The Fed. Cir. recognized that the PTAB “did not agree… that either Gough’s description of the blending process… or Gough’s description of using the color look-up table… expressly discloses using logical operators.” “Stating a disagreement with Google, however, does not amount to a satisfactory explanation for its findings,” the decision reads, citing to the Fed. Cir.’s 2016 decision in In re: NuVasive, Inc. The court also cite other recent decisions in which “we have explained what the Board must do to permit meaningful judicial review of its final written decisions.” The Fed. Cir. panel found that the PTAB failed to comport with the basic administrative law principles of having an adequate evidentiary basis for its findings, and examining relevant data to “articulate a satisfactory explanation for its action including a rational connection between the facts found and the choice made.” The Fed. Cir. noted that the PTAB did not explain why it dismissed expert testimony and evidence made by Google; it also failed to explain why it didn’t adopt Intellectual Ventures’ substantive evidence to disprove evidence or discredit testimony brought by Google. The Fed. Cir. also found that the PTAB’s determination on obviousness “suffers from similar defects.”

At a high level, all of this has to lead a patent owner to wonder whether there is any stop to the barrage of invalidity challenges facing their Constitutionally-protected property right. It makes the idea of 90 percent of patents challenged at PTAB being declared defective seem almost generous: here we have a patent which survived an IPR with some claims intact, but the Fed. Cir. decides that Google gets to have one more whack at the patent piñata because the PTAB’s decision wasn’t thorough enough. It’s a decision that further distorts the statistics published by the PTAB itself as this is technically a re-institution of an IPR on claims which have survived a final written without Google having to re-petition.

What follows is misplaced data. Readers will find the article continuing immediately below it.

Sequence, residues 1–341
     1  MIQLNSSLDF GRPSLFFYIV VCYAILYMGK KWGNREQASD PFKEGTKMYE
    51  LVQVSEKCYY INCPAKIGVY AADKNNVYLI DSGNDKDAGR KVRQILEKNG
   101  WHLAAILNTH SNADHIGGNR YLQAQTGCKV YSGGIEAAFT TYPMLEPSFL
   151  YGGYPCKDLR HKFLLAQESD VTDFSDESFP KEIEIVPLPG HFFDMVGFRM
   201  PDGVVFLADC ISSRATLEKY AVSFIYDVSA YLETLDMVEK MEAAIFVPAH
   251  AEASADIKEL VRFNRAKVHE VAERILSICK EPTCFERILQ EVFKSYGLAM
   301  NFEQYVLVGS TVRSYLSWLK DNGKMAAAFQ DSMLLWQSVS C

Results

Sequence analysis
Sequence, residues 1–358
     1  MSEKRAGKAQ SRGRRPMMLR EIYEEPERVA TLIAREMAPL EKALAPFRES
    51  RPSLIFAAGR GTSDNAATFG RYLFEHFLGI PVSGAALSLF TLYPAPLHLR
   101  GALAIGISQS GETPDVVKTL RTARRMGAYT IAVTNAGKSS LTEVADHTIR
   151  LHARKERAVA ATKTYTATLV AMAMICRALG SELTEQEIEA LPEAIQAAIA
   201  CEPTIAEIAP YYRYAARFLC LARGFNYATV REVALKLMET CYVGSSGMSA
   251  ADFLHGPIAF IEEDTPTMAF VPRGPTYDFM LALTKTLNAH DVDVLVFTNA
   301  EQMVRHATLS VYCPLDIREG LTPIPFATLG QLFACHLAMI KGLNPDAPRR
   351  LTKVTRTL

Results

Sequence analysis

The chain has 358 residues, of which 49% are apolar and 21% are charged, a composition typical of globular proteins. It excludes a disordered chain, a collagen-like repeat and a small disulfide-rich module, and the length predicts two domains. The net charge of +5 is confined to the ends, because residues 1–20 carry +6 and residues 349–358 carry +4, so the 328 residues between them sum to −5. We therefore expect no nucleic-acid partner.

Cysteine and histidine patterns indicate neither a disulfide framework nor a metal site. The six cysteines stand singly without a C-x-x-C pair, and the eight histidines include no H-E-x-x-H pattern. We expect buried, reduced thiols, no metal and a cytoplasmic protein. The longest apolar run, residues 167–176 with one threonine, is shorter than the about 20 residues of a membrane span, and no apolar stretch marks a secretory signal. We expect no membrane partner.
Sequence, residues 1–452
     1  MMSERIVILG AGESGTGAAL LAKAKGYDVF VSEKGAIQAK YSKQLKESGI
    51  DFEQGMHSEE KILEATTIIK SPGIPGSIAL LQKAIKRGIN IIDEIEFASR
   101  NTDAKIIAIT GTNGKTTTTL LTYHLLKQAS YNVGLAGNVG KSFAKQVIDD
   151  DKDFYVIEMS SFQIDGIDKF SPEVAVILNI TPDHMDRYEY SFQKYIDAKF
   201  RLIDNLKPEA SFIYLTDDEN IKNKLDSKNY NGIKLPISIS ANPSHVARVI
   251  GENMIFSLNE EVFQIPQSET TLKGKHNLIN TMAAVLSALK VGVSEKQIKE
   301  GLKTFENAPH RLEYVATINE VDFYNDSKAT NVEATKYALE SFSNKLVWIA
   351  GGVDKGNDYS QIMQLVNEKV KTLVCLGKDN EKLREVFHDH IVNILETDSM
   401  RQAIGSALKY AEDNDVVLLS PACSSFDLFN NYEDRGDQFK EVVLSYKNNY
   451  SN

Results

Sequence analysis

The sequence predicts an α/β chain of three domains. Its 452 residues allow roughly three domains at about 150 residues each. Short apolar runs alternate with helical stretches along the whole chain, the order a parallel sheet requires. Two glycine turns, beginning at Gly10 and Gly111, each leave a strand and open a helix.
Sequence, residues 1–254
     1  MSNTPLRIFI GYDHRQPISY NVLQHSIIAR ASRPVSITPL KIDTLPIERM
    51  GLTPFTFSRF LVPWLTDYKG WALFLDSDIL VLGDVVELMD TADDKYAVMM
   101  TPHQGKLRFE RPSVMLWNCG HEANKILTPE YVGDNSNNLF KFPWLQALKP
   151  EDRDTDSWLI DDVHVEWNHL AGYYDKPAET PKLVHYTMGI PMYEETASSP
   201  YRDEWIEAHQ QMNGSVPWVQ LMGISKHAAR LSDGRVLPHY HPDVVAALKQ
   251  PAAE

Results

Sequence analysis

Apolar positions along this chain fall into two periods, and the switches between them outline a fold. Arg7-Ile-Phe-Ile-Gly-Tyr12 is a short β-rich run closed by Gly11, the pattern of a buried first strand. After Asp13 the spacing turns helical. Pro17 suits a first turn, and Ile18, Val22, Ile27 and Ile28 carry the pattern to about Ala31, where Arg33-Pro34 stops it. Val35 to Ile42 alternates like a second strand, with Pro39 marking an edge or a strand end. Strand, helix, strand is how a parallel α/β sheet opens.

Further, this is a tremendous amount of effort being expended by Google to eliminate a patent which hasn’t been asserted against the tech firm, according to data collected from Lex Machina. The three cases filed in U.S. district court involving Intellectual Ventures’ ‘960 patent seem to have been filed mainly against digital imaging companies like Canon Inc. (NYSE:CAJ) and Nikon Corp. (TYO:7731); consumer electronics and telecom firm Motorola Mobility LLC is also listed as a defendant in one case. Statistics on patent findings collected by Lex Machina show that the ‘960 patent reached summary judgment of valid and infringed, although one summary judgment led to a finding of invalidity. The finding of invalid subject matter was made under 35 U.S.C. §112 for definiteness, not for Section 102 for anticipation or Section 103 for obviousness.

The Author

Steve Brachmann

Steve Brachmann is a writer located in Buffalo, New York. He has worked professionally as a freelancer for more than a decade. He has become a regular contributor to IPWatchdog.com, writing about technology, innovation and is the primary author of the Companies We Follow series. His work has been published by The Buffalo News, The Hamburg Sun, USAToday.com, Chron.com, Motley Fool and OpenLettersMonthly.com. Steve also provides website copy and documents for various business clients.

Warning & Disclaimer: The pages, articles and comments on IPWatchdog.com do not constitute legal advice, nor do they create any attorney-client relationship. The articles published express the personal opinion and views of the author and should not be attributed to the author’s employer, clients or the sponsors of IPWatchdog.com. Read more.